My wife moved out of our home last October leaving our daughter, Emma, with me. Emma has special needs, so it has been quite challenging during the pandemic. In addition to needing extra help with learning, she has a lot of anxieties that manifest in obsessive compulsive disorder. She is particularly fearful of germs and has significant OCD rituals to stay healthy. I have been working very hard with her therapist over Zoom to keep Emma’s OCD rituals to a minimum. We are in a good place, but she has only been seeing my wife over Facetime on weekends since mid-March.
Although my wife filed for divorce in December, we have never been to court, and we have no agreements. Recently I have made a settlement proposal, hoping we would not have to spend what limited resources we have on lawyers. I think that was the first time she realized she will have to pay me child support and is now being quite forceful in her efforts to see Emma.
Meanwhile, my brother offered me his beach cottage in Rhode Island for Father’s Day weekend. No one has been there during this pandemic and we would be the first ones to use it this season. The cottage has no internet service and limited cell phone coverage. I told my wife about my plan and offered to take a drive for better reception. I received a threatening letter from her lawyer stating that I have no right to disrupt her parenting time and cannot leave Massachusetts with Emma.
Can I go or will I get in trouble for leaving the state with Emma?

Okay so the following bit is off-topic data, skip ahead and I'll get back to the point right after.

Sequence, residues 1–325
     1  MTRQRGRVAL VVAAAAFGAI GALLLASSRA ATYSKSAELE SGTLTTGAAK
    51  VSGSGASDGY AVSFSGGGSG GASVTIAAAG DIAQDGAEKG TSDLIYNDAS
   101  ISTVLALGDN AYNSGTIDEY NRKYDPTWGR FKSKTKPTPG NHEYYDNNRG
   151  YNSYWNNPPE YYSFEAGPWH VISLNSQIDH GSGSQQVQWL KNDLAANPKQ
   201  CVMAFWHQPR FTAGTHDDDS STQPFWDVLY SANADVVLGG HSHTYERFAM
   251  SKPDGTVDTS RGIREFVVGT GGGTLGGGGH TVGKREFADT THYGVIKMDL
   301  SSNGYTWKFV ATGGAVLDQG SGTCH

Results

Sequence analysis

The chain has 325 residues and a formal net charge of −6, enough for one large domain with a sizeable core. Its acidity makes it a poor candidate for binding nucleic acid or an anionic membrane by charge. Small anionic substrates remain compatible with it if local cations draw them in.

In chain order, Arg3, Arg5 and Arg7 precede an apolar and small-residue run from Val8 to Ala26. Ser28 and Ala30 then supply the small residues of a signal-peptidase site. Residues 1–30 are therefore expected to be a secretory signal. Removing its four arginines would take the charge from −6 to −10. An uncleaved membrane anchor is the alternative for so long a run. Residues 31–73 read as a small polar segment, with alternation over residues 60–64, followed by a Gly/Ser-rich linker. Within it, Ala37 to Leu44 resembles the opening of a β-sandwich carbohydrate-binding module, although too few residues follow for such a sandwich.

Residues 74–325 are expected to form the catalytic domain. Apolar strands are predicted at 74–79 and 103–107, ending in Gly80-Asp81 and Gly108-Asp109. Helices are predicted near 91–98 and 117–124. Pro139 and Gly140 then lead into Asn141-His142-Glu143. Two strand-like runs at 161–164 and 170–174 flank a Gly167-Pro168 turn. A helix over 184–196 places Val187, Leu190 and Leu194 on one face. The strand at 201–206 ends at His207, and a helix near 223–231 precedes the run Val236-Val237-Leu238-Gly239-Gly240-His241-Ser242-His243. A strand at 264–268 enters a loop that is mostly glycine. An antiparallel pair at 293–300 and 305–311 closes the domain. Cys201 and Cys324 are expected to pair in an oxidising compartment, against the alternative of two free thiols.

You can absolutely go to Rhode Island for a weekend. What you cannot do is permanently move Emma to another state. A weekend get-away to a neighboring state is entirely permissible and there will be no consequences to your taking the trip — especially where you have given her two weeks notice of your intention to go.
Further, because she chose to move out leaving you in charge of Emma, and there is no court mandated parenting plan, she has no right to now dictate exactly when she will have Facetime chats with Emma. Offer her time to chat with Emma on Friday before you leave and Monday when you return (at a time convenient to you and Emma). You do not have to ask how high when she or her lawyer demand that you jump.
Don’t be surprised to find a motion to establish parenting time on your doorstep when you return.
You should prepare a detailed statement of everything you have done with and for Emma since your wife moved out and ask the judge to set an appropriate plan taking into account the status quo and Emma’s best interest.
Also ask for child support — Emma is entitled to it.